Later I started getting decent job offers, the first one being from University of Nizwa in Oman. The fact that it was in the Middle East and at university level made me want to accept initially. Later, as I have read about Oman and heard about the country from others, it has turned out to be my first choice. However, once they made the offer, their Ministry had to approve me. So, in the meantime, I kept my other channels open and got 3 more very nice job offers. I got a high-paying job offer at King Saud University in Riyadh, Saudi Arabia, but ultimately I wasn’t sure I could handle the living conditions there. I got an offer from Westgate Corporation for universities in Japan, but it was only a 3 month contract and thus would have no tax benefits. I love Japan but it wasn’t the Middle East, where my heart was pulling. Finally, I got a good offer from SABIS University in Erbil, Kurdistan, which I would have been happy to take had I not already accepted Oman.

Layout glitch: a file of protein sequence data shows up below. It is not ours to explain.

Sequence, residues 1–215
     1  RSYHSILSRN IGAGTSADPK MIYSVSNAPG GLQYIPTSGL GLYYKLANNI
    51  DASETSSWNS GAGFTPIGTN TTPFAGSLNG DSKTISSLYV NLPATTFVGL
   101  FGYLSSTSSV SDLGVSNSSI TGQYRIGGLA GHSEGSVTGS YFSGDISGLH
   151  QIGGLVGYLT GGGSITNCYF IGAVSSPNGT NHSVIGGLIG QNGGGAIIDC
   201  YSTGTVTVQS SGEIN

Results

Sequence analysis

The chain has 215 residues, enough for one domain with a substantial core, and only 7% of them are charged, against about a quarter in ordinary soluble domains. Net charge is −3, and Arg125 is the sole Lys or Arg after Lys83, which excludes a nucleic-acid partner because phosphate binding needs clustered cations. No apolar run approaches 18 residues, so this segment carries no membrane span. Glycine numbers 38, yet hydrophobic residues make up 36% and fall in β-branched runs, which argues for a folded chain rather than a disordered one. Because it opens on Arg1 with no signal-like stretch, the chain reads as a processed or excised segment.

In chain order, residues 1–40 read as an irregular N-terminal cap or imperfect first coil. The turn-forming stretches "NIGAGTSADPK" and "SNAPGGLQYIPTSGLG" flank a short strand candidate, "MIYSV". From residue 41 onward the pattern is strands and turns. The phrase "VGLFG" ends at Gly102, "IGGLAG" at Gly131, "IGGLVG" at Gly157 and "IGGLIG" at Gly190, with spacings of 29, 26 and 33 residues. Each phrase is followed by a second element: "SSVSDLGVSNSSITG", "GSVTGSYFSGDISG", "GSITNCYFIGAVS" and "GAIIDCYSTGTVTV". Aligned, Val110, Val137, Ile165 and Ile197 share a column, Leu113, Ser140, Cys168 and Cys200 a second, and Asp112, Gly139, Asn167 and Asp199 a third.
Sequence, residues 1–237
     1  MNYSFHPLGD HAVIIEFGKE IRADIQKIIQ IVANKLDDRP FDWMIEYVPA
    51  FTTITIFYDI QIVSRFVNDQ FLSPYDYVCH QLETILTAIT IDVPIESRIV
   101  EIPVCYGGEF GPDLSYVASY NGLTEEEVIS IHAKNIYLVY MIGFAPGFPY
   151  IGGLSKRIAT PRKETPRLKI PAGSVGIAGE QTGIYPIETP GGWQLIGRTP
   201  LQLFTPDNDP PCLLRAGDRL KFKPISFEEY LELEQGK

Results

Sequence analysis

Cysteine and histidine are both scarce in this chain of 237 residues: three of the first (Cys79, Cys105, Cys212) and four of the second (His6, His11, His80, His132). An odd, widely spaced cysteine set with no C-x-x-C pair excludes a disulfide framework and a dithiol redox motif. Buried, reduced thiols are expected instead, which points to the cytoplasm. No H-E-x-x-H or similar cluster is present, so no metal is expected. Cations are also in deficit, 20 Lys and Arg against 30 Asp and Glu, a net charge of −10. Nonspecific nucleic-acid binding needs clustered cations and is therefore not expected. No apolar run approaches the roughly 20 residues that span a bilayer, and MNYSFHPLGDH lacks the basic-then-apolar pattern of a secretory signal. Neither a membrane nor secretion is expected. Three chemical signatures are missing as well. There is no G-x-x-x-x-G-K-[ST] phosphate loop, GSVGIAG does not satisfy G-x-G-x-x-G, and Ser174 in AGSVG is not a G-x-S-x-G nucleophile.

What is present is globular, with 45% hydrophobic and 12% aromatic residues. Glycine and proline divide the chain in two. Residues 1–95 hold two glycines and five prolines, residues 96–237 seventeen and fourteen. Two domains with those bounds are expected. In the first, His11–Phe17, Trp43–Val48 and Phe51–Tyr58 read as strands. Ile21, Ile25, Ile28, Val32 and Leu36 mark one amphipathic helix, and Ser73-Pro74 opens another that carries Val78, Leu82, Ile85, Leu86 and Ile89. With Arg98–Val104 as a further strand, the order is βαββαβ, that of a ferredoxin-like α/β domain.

So, once again, here I am, going abroad again. It seems no one in America ever wants to hire me, yet foreign countries are happy to have me. Thank goodness for that. Right now, I don’t see much benefit to being an American unless I’m going abroad.